The city of Bath hosts many cultural events throughout the year. These include the Annual Roman Festival in July; Comedy Festival in August/September; Music Festival in May/June; International Food Festival in September; and Large Open Air Theatre in June/July. The city is also home to the Bath Half Marathon which takes place every March.
Bath is a city with plenty to offer tourists and investors alike. With its strong infrastructure, excellent motorway access, vibrant culture and educational opportunities, it provides a great base for people looking to invest in the area.
Bath, Somerset is renowned for its rich and vibrant legal history. For centuries the county court of Bath has played an important role in the development of UK law and justice. From the time when Bath was a major port city until the modern era, many high-profile cases have been tried in this court. This article will explore some of the key historical moments that shaped this court's evolution over the years.
The first recorded courts in Bath date back to 1249. Records show that these early courts were presided over by a Lord Justice, with local knights and barons acting as jurors. These courts held jurisdiction over property disputes, debt collection, criminal proceedings and other matters. In 1317, the court's jurisdiction was enlarged to include civil cases as well. Although these courts were rudimentary in comparison to modern-day courts, they did provide an important source of law for citizens.
In the early 1400s, the Court of Common Pleas was established in Bath. This court inherited much of the jurisdiction from the previous medieval courts, but with a more structured system of procedure and appeal structure. Cases heard by this court included debt collection, property disputes and criminal proceedings. Over time, this court became increasingly powerful and influential in local legal affairs.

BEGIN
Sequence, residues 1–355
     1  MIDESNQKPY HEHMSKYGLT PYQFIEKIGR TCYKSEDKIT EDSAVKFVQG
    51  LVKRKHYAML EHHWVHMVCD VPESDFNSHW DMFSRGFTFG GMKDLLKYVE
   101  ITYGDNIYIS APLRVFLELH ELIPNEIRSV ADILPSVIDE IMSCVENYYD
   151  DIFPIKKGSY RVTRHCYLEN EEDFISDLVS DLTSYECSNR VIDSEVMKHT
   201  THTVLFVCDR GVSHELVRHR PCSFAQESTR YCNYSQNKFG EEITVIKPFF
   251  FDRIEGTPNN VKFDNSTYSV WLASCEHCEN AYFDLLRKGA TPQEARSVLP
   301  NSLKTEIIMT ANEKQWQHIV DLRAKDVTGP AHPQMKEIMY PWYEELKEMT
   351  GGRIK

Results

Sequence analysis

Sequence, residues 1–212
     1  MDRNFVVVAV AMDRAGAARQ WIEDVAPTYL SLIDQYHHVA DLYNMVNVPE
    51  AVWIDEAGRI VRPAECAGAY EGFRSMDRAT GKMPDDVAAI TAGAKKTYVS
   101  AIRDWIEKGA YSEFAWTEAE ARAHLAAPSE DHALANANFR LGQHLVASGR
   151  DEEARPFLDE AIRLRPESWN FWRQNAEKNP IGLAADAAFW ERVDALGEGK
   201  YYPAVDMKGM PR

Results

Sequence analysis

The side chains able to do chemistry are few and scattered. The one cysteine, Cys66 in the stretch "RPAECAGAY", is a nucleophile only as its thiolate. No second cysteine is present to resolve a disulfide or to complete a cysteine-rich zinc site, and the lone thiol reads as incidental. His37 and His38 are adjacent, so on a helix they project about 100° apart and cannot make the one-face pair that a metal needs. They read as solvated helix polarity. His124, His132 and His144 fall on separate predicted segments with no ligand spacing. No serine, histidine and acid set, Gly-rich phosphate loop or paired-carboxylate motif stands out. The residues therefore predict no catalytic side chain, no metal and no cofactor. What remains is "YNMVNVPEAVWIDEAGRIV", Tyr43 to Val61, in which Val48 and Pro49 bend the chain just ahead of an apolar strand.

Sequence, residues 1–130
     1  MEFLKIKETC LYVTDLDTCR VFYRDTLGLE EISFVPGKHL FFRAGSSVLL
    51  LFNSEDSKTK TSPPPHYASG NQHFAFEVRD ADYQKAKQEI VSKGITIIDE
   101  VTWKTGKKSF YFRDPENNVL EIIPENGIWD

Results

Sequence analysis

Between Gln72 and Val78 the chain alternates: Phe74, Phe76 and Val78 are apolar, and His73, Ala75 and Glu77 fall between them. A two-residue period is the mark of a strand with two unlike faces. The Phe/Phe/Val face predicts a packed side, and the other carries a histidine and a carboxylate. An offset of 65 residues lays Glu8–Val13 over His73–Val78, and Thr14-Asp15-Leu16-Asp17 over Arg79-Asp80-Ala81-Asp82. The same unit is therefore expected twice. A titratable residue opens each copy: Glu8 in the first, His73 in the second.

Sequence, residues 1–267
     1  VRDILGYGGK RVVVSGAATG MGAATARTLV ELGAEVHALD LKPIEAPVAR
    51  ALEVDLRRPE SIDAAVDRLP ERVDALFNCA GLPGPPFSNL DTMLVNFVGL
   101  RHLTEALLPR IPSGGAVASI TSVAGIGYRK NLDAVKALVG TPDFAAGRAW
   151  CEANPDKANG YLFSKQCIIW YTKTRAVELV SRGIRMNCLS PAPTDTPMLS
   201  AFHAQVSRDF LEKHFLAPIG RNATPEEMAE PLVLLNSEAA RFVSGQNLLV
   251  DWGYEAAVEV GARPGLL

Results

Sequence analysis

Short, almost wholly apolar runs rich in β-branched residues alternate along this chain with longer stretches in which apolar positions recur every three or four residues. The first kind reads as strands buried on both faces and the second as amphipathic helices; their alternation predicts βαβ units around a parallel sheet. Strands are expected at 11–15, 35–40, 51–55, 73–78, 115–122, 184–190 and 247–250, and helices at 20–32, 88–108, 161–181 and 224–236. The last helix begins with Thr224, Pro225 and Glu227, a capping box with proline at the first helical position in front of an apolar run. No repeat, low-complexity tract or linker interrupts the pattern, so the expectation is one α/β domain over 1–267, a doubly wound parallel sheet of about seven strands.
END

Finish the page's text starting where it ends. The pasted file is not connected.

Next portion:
In 1529, the Chancery Court was established in Bath. This court was responsible for hearing cases related to wills and other disputes of inheritance. Like the Court of Common Pleas, this court quickly gained notoriety for its ability to settle a wide range of legal matters. The Chancery Court also served as a source of appeal should any parties feel that their case had not been fairly heard.
In 1614, King James I appointed a Chief Justice to preside over all courts in Bath. This individual was given authority over the previously established courts - including the Lords Justice, the Common Pleas and the Chancery Court - as well as a new court known as the King's Bench. This court focused largely on criminal cases and was granted considerable autonomy in comparison to other courts.
During this period, Bath continued to experiment with its legal systems. In 1730, an act of parliament gave the Bath Courts greater jurisdiction over bankruptcy proceedings. This allowed for more efficient debt collection procedures. Furthermore, during this era new local ordinances were introduced which enabled parties to bring their disputes before the courts without having to travel long distances.
In 1832, a major reform of the court system was introduced. This saw the Courts of Common Pleas and King's Bench merged to form the new Bath County Court. This court held jurisdiction over all civil, criminal and bankruptcy proceedings within the county. The introduction of this new court allowed for a more streamlined approach to settling disputes.
The modern-day County Court of Bath is still responsible for hearing cases from across Somerset and Wiltshire. In its current incarnation, it has expanded its remit to include matters such as divorce proceedings, intellectual property disputes and personal injury claims. Through these various rulings, the court continues to influence local lawmaking today.